Cat sniffing homemade cat puzzle feeder

How to make a cat food puzzle

A cat food puzzle is a great way to keep your cat's brain busy using their favourite treats.

Whether you'd like to slow feed your cat or keep them entertained during the day, a food puzzle for cats is cheap and easy to make. Using materials you can find in the recycling bin, you can customise it to keep your cat challenged.

A cat food puzzle is especially useful for hot summer days where playful cats may need to stay occupied indoors. Simply sprinkle a few of their favourite treats and watch them figure out the puzzle!


Treats should be given in moderation and alongside a well-balanced diet. Always check with your vet if your cat has any special dietary requirements.

What you’ll need:

  • Four toilet roll inner tubes
  • A cardboard sheet of at least 40x40cm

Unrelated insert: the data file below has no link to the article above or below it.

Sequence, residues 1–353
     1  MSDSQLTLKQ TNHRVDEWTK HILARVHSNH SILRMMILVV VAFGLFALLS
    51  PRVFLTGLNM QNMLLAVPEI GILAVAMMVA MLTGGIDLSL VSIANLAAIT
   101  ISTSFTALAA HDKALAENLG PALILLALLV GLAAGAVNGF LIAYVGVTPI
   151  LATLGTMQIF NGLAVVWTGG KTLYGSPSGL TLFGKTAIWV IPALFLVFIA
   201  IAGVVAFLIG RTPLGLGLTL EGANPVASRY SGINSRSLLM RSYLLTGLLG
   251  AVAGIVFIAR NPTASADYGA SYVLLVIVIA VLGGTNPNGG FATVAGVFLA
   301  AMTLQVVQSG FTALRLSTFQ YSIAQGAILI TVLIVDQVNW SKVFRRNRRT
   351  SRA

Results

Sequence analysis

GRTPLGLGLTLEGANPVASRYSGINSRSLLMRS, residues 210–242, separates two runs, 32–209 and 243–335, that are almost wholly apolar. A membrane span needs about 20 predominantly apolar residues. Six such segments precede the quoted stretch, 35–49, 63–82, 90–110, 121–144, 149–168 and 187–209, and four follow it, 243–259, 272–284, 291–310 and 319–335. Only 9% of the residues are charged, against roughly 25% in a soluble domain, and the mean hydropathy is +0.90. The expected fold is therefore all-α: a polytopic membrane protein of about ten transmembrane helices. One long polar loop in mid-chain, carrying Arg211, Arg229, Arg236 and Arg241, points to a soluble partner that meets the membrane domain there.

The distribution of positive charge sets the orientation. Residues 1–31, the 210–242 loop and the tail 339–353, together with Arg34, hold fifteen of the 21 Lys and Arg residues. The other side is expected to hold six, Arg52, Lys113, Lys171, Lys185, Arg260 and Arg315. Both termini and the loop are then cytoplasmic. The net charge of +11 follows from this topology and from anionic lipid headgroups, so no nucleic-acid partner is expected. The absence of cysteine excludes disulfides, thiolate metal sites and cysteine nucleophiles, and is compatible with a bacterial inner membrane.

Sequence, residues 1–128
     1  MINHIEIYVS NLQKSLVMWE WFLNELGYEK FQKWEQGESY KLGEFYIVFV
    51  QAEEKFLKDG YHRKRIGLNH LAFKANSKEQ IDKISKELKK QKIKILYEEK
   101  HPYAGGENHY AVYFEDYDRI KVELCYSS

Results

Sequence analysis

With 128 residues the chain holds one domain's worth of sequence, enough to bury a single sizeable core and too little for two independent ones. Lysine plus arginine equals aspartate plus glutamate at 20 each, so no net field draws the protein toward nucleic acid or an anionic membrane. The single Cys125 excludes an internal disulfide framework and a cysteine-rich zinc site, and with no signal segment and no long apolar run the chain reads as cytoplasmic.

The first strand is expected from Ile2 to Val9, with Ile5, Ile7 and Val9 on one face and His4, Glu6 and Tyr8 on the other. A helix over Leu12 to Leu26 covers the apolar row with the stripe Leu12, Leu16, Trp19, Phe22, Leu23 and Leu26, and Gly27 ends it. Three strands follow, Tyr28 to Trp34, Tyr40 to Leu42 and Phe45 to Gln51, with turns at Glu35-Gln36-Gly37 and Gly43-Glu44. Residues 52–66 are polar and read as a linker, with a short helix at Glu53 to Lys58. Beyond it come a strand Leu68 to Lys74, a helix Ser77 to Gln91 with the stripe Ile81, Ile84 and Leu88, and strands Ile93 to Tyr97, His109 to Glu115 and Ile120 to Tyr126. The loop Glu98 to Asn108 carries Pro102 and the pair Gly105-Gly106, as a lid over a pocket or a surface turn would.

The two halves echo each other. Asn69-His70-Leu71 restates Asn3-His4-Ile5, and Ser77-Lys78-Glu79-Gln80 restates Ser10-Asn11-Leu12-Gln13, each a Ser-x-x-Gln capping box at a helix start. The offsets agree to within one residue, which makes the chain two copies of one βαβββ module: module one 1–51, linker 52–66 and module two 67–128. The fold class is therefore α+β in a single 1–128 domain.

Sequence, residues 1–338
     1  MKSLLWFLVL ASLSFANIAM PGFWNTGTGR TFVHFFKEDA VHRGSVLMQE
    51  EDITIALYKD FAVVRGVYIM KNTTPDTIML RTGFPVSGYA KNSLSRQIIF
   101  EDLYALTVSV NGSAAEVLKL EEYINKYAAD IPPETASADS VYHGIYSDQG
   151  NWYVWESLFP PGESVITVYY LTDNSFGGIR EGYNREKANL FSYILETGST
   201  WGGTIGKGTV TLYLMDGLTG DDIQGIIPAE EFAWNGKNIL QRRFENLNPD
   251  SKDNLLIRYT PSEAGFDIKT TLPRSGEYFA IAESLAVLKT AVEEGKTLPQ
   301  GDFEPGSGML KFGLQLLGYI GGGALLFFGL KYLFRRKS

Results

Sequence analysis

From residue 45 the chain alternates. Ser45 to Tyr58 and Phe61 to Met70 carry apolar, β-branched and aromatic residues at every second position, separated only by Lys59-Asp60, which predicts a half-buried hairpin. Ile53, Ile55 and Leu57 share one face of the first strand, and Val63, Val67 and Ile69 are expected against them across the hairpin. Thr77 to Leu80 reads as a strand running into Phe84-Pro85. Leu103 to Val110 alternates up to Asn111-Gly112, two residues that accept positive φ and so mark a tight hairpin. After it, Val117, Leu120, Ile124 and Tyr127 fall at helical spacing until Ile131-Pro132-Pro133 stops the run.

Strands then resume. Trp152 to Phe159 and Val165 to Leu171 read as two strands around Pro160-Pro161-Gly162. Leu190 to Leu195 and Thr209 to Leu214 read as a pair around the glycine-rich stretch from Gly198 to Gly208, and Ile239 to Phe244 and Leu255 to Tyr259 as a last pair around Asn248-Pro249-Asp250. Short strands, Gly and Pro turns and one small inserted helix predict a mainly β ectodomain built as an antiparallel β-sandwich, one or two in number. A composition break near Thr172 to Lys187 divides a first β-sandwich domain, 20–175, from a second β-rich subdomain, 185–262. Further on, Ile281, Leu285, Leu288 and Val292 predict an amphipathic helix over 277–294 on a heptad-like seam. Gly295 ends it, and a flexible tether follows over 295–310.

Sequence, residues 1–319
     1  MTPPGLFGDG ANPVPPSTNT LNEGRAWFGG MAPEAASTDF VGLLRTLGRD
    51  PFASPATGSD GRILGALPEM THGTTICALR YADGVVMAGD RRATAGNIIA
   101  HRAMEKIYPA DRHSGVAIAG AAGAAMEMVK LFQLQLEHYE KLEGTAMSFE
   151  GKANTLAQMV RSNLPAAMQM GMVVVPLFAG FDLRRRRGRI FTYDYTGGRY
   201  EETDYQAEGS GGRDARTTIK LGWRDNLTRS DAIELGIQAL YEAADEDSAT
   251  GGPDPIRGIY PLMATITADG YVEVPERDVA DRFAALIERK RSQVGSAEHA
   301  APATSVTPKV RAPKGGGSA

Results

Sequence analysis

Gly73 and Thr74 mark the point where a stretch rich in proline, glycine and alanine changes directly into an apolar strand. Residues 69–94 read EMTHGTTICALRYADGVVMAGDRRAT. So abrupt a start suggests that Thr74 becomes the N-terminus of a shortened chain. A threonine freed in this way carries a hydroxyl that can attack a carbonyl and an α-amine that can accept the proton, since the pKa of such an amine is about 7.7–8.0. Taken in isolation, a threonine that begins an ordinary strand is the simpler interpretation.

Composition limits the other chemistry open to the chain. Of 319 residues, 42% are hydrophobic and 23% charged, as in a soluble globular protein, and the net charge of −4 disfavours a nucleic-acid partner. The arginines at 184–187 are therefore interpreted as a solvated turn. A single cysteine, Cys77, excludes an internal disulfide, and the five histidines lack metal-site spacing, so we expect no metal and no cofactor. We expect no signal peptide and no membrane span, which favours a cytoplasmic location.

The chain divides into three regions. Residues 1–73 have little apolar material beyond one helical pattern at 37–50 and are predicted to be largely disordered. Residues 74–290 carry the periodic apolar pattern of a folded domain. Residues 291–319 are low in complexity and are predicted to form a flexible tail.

• Empty plastic containers – yoghurt and sauce pots work well
  • Empty egg boxes
  • Scissors or a craft knife
  • Super glue – be extra careful that your cat doesn’t come into contact with the glue while it’s setting

Putting together a cat food puzzle

  1. Cut a piece of cardboard to about 40x40cm. This will form the base of your activity feeder. Place this to one side for later.
  2. Get one of the toilet roll tubes and cut this in half horizontally so that it now looks like two mini tubes
  3. With the other three tubes, pop them in a pyramid formation so that you have two at the bottom and one lying on them at the top. Glue these into place.
  4. Remove the lid from your egg box and keep both pieces of it to one side
  5. Glue the pyramid and egg boxes in separate corners of the base. In the gaps, glue the mini tubes and any additional containers upright so they can hold treats inside.
  6. Once everything is stuck to the cardboard, leave it to dry for around one hour. Then you can start hiding treats in the various spaces and let your cat enjoy!

 For lots of other ways to use a cardboard box to keep your cat entertained, check out this video.

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• 30 June 2023

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• 30 June 2026

Approved by
Katy Alexander

Veterinary Surgeon MRCVS

Claire crouching next to her white staffie dog
Approved by
Claire Stallard

Animal Behaviourist ABTC-CAB